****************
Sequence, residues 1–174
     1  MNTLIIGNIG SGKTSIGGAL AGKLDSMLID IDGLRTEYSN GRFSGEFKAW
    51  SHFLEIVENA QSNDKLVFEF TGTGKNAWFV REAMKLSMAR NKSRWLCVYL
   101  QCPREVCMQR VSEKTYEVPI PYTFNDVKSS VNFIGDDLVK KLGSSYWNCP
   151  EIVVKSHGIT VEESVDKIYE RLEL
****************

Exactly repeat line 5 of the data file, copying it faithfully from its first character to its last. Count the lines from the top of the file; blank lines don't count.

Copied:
   151  EIVVKSHGIT VEESVDKIYE RLEL